Over Zoom, Mwangi shared his experiences as a Black man. After explaining how he gets pulled over by the police in his friends’ neighborhoods back home; after revealing that he has had job applications ignored because of his name; after pouring his heart out about how this is an issue of human rights, not politics, Mwangi hoped his coaches and teammates would begin to take the time to listen, to educate themselves and to pursue a more active role in the fight for racial justice.
Mwangi spoke of the idea of a “perfect storm,” in which the culmination of three “waves” have allowed the previously apathetic white population to become cognizant of the ongoing racial injustice that has festered in the United States for 400-plus years.
Mwangi’s first wave was the product of COVID-19 and the disproportionate mortality rate between Black and white Americans exacerbated by disparities in healthcare access and employment opportunities.
The second and third waves were based on the police’s double standard in managing its altercations with Black and white individuals: The absence of aggression towards armed, white protestors who stormed state capital buildings in opposition to stay-at-home orders versus the brute force used in Floyd’s murder and recent BLM protests.
“(The white population has) embraced it as part of their fight,” Mwangi said. “For so long, it’s been our fight to burden, but this perfect storm illustrates that after what has happened, you cannot dispute that the systems that enable racism are alive and well. Their involvement is what is allowing for this change to happen, and for it to happen so loudly.”
Despite his positivity regarding the status of white activism, Mwangi was dissatisfied with his teammates’ response to recent racially-focused events prior to the Zoom call. Many of them reached out to him personally but had not been vocal on social media.
“They’ve expressed their views to me, and that’s been good,” Mwangi said. “But at the end of the day, I’m not the one who needs to hear that they’re with me. I need them to let their white friends and family members know that they stand with me. … For me, to have someone text me and ask if I’m okay, that’s nice, but it doesn’t solve the problem.”
According to Mwangi, his white teammates have a larger platform because of the color of their skin, so they need to use their privilege to take on a more significant role in the movement.
“White people have a voice, and they are heard, unlike Black people,” Mwangi said. “Being silent is being compliant. By not saying anything, you are saying something, and it’s loud. It speaks volumes. … Their involvement is crucial to any change happening.”
The topic and issue of racial equality in lacrosse extends far beyond the scope of Michigan’s team.
Concerns about diversity in the sport and socioeconomic barriers to playing have long been ignored. Despite the game’s origins in Native American culture, it has been captured by the stereotype of the ‘lax bro:’ a white preppy kid with long hair who comes from an affluent background.
“The history of (lacrosse) has been stripped away and the game has become this separate entity,” Mwangi believes. “There needs to be an active effort to increase the diversity of the game, grow the game more and educate ourselves on the history of the game. Because it didn’t start at white prep schools; it’s much deeper than that. To many groups of people, it’s a way of life. … So we need to respect that wholeheartedly in order to play the game the way it was intended to be played.”
Lacrosse is one of the fastest growing sports in the United States. In 2018, nearly 1.1 million boys and girls played in a youth lacrosse league. In the state of Michigan, lacrosse saw the greatest increase in participation rate of any high school sport in 2019.
Yet the game’s growth has not been equitable.
Many communities, particularly in cities, have been unable to adopt the sport because of its incredibly high associated costs. In Philadelphia, only ten out of 42 city public high schools had a varsity lacrosse program in 2019. In Washington D.C., only two schools had programs.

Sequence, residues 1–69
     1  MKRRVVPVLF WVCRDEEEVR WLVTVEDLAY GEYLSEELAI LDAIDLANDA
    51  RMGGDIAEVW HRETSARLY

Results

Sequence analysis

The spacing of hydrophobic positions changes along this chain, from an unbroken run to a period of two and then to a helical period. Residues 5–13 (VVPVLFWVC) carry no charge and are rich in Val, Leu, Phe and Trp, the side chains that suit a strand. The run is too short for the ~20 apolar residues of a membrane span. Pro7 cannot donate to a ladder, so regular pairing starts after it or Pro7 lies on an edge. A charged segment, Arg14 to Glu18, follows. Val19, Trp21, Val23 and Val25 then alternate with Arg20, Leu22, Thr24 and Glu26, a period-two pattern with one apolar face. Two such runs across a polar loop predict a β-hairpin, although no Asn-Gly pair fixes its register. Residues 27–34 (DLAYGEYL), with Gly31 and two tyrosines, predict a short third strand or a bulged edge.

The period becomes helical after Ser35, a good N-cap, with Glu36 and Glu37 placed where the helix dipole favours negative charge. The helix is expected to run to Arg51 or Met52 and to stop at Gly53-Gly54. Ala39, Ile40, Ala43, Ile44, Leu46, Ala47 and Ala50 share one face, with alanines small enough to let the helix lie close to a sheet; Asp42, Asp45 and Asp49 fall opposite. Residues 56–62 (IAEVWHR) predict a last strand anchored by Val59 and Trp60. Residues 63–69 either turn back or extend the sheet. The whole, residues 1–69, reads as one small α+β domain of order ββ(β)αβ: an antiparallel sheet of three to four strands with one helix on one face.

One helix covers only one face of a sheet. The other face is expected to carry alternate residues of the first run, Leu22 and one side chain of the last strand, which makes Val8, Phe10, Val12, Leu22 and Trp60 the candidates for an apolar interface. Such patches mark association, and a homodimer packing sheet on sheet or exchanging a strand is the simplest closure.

While many high school football programs are funded by the schools themselves, and playing basketball only requires a pair of shoes and a ball, purchasing lacrosse equipment can cost hundreds of dollars per person. Since very few schools provide lacrosse equipment for their student athletes, it is often up to the individual to buy their own gear — an enormous financial burden to middle and low-income households.
Aware of his own privileges to be able to afford his lacrosse equipment, Mwangi also acknowledged the high cost of playing for a summer club team. The club teams provide access to summer tournaments and showcases, where the majority of college recruiting is done. The inability to afford membership dues for one of these club teams could make or break a player’s chances of playing at the collegiate level.
In spite of these hurdles, several groups across the country are working to boost racial and socioeconomic diversity in lacrosse.
Liam McIlroy is the head coach of the boy’s lacrosse team at Cass Tech, the only Detroit public high school currently offering lacrosse as a varsity sport. Last May, after watching his student athletes fall in love with the game during their debut season, McIlroy joined forces with Christianne Malone, a longtime advocate for lacrosse in Detroit, to co-found Detroit United Lacrosse — a club dedicated to growing lacrosse in the city by giving male and female student athletes a platform to develop their skills outside of the regular season through summer tournaments and recruiting showcases.
“We’re building community, not only with playing experience, but also the fact that when we go to different tournaments, showcases and scrimmages we are the only team that is a majority team of color,” McIlroy said. “We represent a very diverse cultural team. (And) we are going to continue to work with the players that we have and help them build their own root systems in their neighborhoods and find their own identity within the game.”
After only one season of existence, Detroit United has had five of its student athletes commit to play lacrosse in college — all five having never played lacrosse one year prior.
Respectively, America and the lacrosse community have a long way to go to reverse the tides of institutionalized racism and inequality. But right now, as Mwangi says, the perfect storm has presented both with an opportunity to make a difference.
Whether or not they will, though, is up to them.